“You are my desired landscape, with much yet to explore.”
Without doubt one of the most magical stores in Tallinn is hidden in an ancient courtyard on the hill of Toompea. For us, it’s the wondrous place where everything once started. We had already launched the brand yet we had no store nor office. We weren’t really even looking for one but the day these little rooms needed new friends, we happened to be around. And we loved it, right away!
So we settled in and made it ours. We renovated the place to its ancient glory and space itself started giving so much back. Mainly inspiration, but also the connection with long-forgotten times. In a silent and very magical language, the room started to shape our sense of beauty, and wonder.
Dell’Historia Naturale (Naples 1599)
Faithful photographic reproduction of a two-dimensional
Engraving from Ferrante Imperato
At one point we found some writings about the building’s history. The first records of the house date back to 1683 but just one year later the house burnt to the ground in the great fire of Toompea. In 1713, latest the new baroque building was completed. Belonging to the von Harpe family of Baltic German aristocracy, the house was one of the main gathering places of artistic nobility. Alexandra von Harpe, widely known as madame Bibka was a gentle and an exotic woman (look at our Joan!) who’s grandfather was a Georgian (same goes to Sten Karik, the other founder of GUILD) who was fond of making her own robes and clothes. She also held evenings full of literature, art, music and poetry.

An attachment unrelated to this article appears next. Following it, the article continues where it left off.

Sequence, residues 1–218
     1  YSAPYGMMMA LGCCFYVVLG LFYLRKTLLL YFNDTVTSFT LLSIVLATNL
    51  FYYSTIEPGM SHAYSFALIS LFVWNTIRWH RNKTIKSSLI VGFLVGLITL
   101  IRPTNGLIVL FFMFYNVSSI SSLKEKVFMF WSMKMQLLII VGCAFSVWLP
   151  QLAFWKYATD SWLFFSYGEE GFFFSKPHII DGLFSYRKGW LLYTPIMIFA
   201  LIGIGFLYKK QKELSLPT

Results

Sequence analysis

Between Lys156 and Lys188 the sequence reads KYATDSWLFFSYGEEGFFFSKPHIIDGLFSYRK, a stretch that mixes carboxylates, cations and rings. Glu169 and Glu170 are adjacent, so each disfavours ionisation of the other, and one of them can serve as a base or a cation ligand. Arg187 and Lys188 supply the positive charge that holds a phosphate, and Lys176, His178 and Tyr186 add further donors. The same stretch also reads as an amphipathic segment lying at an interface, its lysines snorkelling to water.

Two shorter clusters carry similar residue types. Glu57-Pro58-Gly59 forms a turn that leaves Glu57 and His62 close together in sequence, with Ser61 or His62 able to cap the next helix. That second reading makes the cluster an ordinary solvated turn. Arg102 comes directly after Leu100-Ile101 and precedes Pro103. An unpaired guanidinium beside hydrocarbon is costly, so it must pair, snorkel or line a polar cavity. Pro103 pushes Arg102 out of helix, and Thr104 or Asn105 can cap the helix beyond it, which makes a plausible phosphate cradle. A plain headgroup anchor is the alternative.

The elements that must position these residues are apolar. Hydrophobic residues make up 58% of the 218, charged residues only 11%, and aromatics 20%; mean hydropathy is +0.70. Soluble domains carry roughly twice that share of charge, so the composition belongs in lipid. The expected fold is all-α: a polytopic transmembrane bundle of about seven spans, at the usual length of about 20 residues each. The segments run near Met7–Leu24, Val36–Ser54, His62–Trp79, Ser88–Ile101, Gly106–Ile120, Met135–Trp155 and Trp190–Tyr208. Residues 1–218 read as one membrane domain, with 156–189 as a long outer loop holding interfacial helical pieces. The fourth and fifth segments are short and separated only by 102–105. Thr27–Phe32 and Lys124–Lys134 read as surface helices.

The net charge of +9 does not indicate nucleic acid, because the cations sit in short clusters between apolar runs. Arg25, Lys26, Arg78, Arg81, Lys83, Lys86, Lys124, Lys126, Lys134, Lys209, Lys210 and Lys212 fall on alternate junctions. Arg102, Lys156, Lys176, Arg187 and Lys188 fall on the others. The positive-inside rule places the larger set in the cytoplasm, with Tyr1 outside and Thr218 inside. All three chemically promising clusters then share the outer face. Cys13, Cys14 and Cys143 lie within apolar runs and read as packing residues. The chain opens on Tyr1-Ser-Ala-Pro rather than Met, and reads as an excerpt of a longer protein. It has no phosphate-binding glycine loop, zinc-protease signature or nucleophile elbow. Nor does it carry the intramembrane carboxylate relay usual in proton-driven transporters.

The place became known as Le Salon Jaune (The Yellow Parlor or in other circles, der Gelbe Salon) and the affairs that used to take place in the residence were surprisingly similar to what we’ve been doing. The more we read, the more we recognised strange parallels with nowadays and this makes us wonder – do we or do the buildings choose their inhabitants? Why life keeps repeating itself and it’s patterns?
Over the years, wondrous elements have entwined their nests in our store – ancient boxes, wax and signets, crystals, hundreds of ribbons, fabrics and threads, Joan’s miraculous plants, old apothecary bottles, little statues of Old Thomas and Lev Tolstoy to antique portraits of Marie-Antoinette and orthodox icons, tile work of local artist Martin Saar and dozens and dozens of books make it almost a sacred place – a true wonder chamber, like a cabinet of curiosities from the past that surrounds us day after day when we create all those magical things.